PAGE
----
Granted, these questions reveal a need for much more research. But if they allow us to get closer to understanding the causes of toxic fatherhood, they are worth pursuing. The Buddha, who lived around the time that Aeschylus was writing his plays and the Hebrew Scriptures were being assembled, taught that if we understand the cause of suffering, we can take steps toward eliminating it. That insight from one of the greatest psychological thinkers who ever lived can lead us to some key insights of our own.
We can begin by noticing that, for all their differences, those four narratives all have certain things in common. First, they share a profound anxiety over the nature of the father-child relationship itself; if a father does not kill his children, then his children will kill him. Sedna's continued presence on her father's boat will ensure that he drowns in the storm; Cu Chulainn engages in a one-on-one combat to the death with his own son; Abraham cannot put faith at the center of his life if he loves his child more than his God; Agamemnon must sacrifice his daughter to fulfill his role as king and warrior.
Second, they express a profound anxiety over the killing: Sedna's father and, by extension, all humanity must be forever on guard against the anger of the sea now that Sedna rules it; Cu Chulainn is so overcome by grief that his druids must put him under a spell that makes him engage in an impossible battle with the waves; Abraham's son Isaac never seems to recover, and the only times we see him again involve him being a helpless young man who needs his father to find him a wife and then a blind old man who is duped on his deathbed by his wife and son for their own purposes; Agamemnon's actions take place in the context not just of a war between Greece and Troy but also a series of killings that seem to have neither beginning nor end. It is as if all these tales acknowledge both that fatherhood and violence are somehow equated and that this is not an equation we should be content to live with. Violence against a child becomes indistinguishable from violence against self, insofar as a man has to kill the most positive part of himself in his ability to help create and sustain life.
This leads to the third and, for our purposes, most promising commonality among the tales: They all focus on transformation. Sedna's violently severed fingers become the creatures of the sea, and she herself becomes the being who rules over them; Abraham's actions initiate a new kind of relationship between humanity and God involving not sacrifice but love and devotion; Cu Chulainn becomes a monster when in battle, which means he can un-become a monster when not in battle; and the Furies, the oldest and most powerful force in existence, learn to use their ancient power not to torment transgressors but to uphold the rule of law.
The goal is not a forgetting of masculinity but a transformation of it. This transformation can take place on several levels. Social roles themselves are changing, and a father being meaningfully present for his children and deeply involved in their lives as they grow up becomes the norm. Cognitive functions like planning, problem solving, conflict resolution and moral reasoning develop in rich and nuanced ways when a man has to take care of children. Further, a new model of identity for fatherhood becomes possible because a new model of relationship with child exists and vice versa. This is not talking about our feelings every time we actually volunteer to change a diaper. This is the learning of wisdom, kindness and patience—in terms of dealing with the ceaseless daily needs of young people, in terms of monitoring and guiding their development over the course of a lifetime, in terms of having to wait perhaps years for the results of his efforts to be borne out in their characters, in terms of surrendering to the reality that they will eventually become their own autonomous beings. Nor is mere proximity the issue; just as a man can be physically present but emotionally absent or actively hostile, so a man can be 10,000 miles away for months at a time and still be an active and positive presence in his children's lives. Best of all, he serves as a model to them of what a man looks like, a model that they will carry into their own adult identities and relationships.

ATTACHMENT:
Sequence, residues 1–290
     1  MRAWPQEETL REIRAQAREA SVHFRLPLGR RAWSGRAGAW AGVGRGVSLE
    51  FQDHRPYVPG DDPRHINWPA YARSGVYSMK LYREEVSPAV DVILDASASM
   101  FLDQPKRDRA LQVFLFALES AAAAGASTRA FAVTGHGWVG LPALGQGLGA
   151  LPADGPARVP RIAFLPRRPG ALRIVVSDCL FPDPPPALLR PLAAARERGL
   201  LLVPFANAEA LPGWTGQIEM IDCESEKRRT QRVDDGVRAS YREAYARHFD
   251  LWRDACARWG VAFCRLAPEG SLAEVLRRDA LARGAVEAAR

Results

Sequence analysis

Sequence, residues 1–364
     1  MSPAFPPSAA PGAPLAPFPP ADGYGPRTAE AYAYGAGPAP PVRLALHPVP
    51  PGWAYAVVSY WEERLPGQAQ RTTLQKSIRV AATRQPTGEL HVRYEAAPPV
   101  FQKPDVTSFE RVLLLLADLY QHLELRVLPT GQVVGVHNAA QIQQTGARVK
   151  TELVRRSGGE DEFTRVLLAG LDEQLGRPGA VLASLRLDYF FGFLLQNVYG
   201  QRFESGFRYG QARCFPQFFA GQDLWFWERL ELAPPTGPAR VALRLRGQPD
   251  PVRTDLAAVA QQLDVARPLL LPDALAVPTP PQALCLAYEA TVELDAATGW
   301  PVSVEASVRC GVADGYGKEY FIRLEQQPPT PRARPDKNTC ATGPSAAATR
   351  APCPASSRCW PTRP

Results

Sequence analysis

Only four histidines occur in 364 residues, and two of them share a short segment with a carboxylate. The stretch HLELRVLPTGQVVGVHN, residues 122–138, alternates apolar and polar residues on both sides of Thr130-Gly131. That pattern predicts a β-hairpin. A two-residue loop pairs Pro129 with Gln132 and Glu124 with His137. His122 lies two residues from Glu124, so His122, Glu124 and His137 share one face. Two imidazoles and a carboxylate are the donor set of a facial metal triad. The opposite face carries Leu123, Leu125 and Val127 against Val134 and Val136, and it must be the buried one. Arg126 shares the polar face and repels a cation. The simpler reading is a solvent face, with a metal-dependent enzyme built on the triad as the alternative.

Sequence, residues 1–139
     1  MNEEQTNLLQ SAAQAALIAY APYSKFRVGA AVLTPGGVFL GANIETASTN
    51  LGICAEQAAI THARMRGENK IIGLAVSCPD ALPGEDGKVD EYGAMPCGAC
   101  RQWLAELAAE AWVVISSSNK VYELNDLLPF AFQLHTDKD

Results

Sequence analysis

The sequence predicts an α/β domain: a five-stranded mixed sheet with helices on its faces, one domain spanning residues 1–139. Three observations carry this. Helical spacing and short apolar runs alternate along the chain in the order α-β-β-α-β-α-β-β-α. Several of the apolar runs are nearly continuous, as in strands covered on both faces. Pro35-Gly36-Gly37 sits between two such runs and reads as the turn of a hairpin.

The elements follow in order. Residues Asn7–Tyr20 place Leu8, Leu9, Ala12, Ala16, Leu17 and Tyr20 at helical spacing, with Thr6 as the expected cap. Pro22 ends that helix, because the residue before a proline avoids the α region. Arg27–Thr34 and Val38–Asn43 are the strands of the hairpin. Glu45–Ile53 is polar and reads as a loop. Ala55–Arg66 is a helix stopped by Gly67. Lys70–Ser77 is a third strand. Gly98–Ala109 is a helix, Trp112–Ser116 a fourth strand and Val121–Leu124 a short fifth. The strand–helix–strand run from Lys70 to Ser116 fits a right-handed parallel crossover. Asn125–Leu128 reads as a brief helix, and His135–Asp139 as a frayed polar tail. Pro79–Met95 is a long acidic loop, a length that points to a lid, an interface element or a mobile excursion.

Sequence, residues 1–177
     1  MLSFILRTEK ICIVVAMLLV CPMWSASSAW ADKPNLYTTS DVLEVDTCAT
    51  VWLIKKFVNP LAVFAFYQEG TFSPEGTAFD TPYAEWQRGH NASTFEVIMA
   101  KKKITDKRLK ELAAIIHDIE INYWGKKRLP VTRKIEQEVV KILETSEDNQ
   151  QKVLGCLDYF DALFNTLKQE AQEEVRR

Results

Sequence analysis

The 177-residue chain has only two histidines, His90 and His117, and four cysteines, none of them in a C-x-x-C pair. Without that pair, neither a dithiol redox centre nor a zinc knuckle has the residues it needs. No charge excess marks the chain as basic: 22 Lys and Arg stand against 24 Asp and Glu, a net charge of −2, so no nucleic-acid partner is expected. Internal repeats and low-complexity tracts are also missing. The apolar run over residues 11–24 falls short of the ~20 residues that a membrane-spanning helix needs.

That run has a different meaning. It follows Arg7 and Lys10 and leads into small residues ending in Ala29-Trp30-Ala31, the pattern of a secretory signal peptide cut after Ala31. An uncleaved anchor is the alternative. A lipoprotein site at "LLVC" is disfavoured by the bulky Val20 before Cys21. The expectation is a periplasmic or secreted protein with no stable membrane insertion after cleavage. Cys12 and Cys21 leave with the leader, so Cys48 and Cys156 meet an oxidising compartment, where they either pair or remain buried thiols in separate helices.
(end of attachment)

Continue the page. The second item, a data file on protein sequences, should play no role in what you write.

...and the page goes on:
The need to transform toxic fatherhood into healthy fatherhood has always been an issue for the human race, but that issue has never been more pressing than it is now. The central question of human life today is arguably not one of violence vs. nonviolence but of violence vs. survival of healthy culture. The stakes are much higher than the planning of dinner or the integrity of a garage door. Power can destroy relationships; transformed by care, it can also create, nurture, guide and protect relationships. And there is no better way for a man to learn how to effect that transformation than by becoming and remaining a father.
Colloso, T., & Buchanan, B. (2012, Spring). Media bias in cases of maternal vs. paternal filicide . Metamorphosis. Available at http://www.coplac.org/publications/metamorphosis/metamorphosis.php?a=Spring2012&p=1&c=ss&s=title&o=ASC
Gilligan, C., & Richards D. (2009). The deepening darkness: Patriarchy, resistance, and democracy's future. New York: Cambridge University Press. An excellent overview is available at http://www.law.harvard.edu/students/orgs/jlg/vol322/505-534.pdf
Schwartz, J. (2004). The effect of father absence and father alternatives on female and male rates of violence (Doctoral dissertation). Retrieved from https://www.ncjrs.gov/pdffiles1/nij/grants/206316.pdf